The PhysWiki Dynamic Textbook Project
The PhysWiki is one of seven integral components of the STEMWiki Dynamic Textbook Project (DTP), a multi-institutional collaborative venture to develop the next generation of open-access textbooks to improve STEM education (science, technology, engineering and mathematics) at all levels of higher learning. The central aim of the DTP is to develop and disseminate free, virtual, customizable textbooks that will substitute for current, commercial paper texts in multiple courses at post-secondary institutions across the nation. All are licensed Creative Commons Attribution Non-Commercial Share-Alike. All seven textbooks in the STEMWiki DTP have been linked together under the direction of Professor Delmar Larsen of the University of California at Davis and include: the ChemWiki (the forefather), the BioWiki, the MathWiki, the StatWiki, the PhysWiki, the GeoWiki, and the SolarWiki.
The goal of this project is to seed the PhysWiki with an open-source, calculus-based textbook, in an effort to expand access and usage of this segment of the STEMWiki. Working with both Professor Delmar Larsen (founder of the STEMWiki DTP) and Professor Paul D’Assandris, Monroe Community College, Rochester, NY (author of Spiral Physics), physics students at South Florida Community College are seeding the PhysWiki with Spiral Physics textbook. Spiral Physics is an OER physics textbook that is currently in use by over 40 two-year colleges nationwide. Spiral Physics comes in three variants (calculus-based, algebra-based, and modern physics) and provides a research-based introductory physics curriculum along with an integrated textbook and workbook activities. Using a restricted equation set, Spiral Physics provides a unique approach to building student success by providing repeated exposure (i.e., spiral) to concepts with increased complexity. It includes alternative problem types, including goal-less problem statements, ranking tasks, and critical analysis tasks which have been research-proven to help students develop conceptual understanding.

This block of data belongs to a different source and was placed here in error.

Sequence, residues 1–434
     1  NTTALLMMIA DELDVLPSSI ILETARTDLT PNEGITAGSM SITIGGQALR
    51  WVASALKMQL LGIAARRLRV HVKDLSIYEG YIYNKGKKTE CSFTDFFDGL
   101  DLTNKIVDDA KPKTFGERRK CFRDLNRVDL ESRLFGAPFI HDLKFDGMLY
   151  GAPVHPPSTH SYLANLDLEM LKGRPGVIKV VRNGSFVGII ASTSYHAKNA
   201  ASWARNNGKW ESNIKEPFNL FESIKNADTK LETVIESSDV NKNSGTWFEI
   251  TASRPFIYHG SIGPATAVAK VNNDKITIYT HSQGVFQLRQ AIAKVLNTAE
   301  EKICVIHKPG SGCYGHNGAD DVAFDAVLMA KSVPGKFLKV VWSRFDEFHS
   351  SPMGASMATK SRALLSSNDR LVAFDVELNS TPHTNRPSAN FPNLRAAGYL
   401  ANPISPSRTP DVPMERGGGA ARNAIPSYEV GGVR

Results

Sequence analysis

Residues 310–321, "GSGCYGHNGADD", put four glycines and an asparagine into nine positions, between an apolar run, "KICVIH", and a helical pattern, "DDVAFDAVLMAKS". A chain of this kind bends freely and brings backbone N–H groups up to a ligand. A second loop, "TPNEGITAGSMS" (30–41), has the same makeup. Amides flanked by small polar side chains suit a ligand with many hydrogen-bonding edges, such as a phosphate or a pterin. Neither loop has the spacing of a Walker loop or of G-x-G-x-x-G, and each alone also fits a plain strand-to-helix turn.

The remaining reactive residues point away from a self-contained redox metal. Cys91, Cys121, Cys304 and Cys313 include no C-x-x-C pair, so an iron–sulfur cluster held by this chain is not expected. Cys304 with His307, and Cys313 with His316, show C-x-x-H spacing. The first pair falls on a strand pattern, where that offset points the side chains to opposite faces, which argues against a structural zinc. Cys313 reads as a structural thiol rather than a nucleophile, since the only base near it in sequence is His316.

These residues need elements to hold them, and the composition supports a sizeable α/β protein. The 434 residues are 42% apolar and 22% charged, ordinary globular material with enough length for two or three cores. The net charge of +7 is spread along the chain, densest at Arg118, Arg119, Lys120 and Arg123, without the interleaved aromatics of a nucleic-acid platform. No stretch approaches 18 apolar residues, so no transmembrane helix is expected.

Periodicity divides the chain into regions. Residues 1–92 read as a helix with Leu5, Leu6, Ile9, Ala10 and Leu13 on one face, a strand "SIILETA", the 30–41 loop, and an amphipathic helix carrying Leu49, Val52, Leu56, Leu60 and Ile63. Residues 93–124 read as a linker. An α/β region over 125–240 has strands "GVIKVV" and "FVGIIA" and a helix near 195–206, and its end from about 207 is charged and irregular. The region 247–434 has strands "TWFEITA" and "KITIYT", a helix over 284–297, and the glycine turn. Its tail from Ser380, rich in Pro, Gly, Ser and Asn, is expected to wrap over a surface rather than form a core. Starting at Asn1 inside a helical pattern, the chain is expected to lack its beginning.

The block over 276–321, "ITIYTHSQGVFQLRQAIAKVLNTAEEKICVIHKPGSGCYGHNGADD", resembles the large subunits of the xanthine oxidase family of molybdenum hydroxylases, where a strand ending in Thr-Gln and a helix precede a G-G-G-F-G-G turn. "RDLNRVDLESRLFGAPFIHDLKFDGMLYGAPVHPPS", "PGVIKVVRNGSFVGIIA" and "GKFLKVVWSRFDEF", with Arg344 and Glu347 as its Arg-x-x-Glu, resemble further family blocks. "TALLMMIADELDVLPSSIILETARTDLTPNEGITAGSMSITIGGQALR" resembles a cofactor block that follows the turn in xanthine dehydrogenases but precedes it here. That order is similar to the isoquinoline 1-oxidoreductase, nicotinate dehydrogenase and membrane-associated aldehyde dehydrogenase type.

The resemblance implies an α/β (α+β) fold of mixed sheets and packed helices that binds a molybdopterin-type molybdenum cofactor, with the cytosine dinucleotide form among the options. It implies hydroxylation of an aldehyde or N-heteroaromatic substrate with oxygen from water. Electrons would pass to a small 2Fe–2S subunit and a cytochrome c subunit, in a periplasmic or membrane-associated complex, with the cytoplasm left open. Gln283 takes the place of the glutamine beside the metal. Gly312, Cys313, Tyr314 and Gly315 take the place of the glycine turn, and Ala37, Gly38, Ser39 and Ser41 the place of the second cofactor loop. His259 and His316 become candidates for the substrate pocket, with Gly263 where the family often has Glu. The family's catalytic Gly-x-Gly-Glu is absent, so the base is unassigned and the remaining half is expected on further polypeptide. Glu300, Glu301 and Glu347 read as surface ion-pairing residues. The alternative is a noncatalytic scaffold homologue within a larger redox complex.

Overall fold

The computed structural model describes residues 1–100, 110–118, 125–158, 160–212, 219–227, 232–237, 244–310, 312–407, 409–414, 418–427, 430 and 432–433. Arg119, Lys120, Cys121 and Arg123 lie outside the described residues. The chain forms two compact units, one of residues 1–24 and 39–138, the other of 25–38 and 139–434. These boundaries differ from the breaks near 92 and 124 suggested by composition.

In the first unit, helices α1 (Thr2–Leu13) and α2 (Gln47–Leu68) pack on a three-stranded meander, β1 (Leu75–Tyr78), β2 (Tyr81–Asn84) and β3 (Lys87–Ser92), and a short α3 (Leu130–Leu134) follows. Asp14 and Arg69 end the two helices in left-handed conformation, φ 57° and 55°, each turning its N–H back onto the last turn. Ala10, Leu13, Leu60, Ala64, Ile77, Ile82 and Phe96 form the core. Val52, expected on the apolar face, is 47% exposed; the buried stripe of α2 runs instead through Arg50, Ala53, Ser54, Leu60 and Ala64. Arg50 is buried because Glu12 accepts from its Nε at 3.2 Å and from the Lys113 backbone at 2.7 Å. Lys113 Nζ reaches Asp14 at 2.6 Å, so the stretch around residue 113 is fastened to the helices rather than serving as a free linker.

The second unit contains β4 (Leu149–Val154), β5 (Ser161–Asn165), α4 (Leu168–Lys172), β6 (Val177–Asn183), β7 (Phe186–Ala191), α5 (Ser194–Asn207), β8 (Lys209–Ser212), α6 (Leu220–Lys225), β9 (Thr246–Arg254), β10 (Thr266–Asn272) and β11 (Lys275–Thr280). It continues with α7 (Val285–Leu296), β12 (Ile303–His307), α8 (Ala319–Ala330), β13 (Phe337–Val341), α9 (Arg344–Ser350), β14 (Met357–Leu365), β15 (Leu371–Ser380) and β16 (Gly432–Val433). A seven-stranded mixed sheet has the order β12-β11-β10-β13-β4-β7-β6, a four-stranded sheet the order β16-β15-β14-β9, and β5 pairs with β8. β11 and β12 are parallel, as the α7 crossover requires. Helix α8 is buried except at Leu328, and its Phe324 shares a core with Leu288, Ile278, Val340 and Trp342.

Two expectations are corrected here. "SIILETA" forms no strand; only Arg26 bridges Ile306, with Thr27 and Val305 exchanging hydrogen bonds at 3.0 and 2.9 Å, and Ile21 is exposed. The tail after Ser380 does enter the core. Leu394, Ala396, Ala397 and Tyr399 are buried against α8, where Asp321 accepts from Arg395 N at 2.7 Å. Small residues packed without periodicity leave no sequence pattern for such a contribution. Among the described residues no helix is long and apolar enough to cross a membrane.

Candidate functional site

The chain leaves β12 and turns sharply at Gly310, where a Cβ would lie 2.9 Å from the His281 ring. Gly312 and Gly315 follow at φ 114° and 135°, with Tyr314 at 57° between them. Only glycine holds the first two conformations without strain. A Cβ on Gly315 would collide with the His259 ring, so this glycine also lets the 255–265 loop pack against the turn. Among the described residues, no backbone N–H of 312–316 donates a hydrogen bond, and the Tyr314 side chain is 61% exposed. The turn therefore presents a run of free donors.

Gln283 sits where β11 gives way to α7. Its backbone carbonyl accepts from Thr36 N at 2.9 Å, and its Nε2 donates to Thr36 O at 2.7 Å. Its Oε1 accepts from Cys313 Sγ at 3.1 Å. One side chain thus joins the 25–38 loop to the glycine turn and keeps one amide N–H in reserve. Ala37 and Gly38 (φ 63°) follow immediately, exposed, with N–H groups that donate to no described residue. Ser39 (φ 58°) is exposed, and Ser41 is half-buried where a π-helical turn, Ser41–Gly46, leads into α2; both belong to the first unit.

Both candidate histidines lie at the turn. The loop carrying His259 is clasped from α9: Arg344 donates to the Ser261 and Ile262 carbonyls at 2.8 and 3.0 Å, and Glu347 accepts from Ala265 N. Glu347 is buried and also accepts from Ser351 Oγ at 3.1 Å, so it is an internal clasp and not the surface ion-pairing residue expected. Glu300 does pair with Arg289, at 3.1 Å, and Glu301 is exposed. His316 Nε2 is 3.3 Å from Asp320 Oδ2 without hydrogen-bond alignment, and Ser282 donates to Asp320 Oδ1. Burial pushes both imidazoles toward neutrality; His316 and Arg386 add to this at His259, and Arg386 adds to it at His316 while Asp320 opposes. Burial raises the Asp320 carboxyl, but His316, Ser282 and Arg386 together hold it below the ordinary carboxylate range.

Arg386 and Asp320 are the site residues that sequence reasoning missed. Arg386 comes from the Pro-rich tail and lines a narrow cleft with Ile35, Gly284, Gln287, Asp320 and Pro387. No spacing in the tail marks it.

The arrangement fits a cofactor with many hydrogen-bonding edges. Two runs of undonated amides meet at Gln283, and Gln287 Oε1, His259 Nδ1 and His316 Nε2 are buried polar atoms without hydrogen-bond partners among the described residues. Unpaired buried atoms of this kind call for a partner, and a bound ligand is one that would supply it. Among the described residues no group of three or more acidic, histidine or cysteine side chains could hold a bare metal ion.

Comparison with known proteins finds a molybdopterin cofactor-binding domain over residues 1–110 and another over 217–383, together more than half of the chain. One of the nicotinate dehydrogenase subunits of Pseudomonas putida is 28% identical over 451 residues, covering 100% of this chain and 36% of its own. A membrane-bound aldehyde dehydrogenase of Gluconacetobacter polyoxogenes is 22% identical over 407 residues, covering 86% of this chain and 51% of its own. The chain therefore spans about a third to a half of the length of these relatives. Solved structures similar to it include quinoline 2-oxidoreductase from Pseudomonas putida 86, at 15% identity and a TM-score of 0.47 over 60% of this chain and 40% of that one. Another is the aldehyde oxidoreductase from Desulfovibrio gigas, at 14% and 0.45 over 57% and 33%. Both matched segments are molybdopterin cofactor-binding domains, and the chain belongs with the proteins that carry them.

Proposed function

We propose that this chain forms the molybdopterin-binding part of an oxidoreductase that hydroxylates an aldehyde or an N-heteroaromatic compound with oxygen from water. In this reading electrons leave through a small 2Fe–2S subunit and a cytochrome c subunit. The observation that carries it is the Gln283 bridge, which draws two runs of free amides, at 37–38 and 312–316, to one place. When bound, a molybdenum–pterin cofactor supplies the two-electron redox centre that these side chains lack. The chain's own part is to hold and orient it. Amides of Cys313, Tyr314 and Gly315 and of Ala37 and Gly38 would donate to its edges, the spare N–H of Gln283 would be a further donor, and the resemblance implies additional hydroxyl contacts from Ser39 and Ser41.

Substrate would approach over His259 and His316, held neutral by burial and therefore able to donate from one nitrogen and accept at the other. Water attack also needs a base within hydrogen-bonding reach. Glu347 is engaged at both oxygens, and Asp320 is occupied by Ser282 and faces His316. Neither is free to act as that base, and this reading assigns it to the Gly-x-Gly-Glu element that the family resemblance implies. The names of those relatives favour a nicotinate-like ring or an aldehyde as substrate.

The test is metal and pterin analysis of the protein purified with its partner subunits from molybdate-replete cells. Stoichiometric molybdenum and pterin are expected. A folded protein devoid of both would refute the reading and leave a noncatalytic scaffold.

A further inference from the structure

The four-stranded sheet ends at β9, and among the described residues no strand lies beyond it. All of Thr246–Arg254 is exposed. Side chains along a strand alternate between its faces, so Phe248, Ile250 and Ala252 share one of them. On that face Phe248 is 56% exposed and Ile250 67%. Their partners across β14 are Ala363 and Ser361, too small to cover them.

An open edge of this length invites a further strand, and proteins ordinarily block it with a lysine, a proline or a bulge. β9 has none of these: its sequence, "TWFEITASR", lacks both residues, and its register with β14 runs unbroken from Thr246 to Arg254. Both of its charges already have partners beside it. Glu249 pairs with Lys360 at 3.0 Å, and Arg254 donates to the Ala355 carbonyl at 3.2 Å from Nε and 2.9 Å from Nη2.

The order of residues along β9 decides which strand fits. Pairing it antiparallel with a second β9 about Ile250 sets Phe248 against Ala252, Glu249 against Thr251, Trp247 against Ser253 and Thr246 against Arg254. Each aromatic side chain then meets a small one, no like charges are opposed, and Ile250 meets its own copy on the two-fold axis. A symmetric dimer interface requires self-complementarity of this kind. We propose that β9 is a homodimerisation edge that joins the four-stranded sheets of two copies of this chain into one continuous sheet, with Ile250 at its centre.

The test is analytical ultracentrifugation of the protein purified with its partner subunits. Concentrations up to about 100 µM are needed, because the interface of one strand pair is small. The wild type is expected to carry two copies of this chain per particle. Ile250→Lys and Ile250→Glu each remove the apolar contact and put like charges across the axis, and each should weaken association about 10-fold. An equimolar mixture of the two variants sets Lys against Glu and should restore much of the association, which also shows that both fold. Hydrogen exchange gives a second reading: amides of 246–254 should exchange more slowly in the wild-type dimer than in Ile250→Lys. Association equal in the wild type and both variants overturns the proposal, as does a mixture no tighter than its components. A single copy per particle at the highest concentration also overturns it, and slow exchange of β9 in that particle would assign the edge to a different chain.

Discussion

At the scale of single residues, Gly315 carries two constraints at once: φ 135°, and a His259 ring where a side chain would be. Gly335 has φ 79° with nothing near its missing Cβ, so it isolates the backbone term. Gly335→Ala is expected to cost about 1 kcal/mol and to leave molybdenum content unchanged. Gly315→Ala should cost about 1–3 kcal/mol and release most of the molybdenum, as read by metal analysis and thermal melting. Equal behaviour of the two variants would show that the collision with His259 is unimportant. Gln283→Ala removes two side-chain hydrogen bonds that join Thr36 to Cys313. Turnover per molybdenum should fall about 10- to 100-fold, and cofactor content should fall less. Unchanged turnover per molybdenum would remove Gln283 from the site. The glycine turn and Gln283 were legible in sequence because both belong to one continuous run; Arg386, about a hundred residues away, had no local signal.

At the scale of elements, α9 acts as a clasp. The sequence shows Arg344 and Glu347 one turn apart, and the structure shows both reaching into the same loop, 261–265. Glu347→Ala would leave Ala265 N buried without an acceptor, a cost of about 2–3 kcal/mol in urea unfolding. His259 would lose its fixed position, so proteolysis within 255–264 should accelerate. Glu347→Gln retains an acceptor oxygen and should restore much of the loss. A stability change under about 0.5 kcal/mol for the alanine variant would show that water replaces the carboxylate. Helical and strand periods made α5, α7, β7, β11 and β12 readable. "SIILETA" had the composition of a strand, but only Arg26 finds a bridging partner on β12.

Although implementation of this project has not kept up with the desired schedule, things are moving forward and usage of the PhysWiki continues to grow as shown in the most recent Google Analytics Report.
Once completed, this project should not only help to expand usage of the PhysWiki segment of the STEMWiki, but also enable Spiral Physics to be used as a living etextbook, whereby faculty and students, can expand and augment the online textbook with supplemental information. I am excited to be able to use this site as the host for my etextbook for next semester.
Erik Christensen | South Florida Community College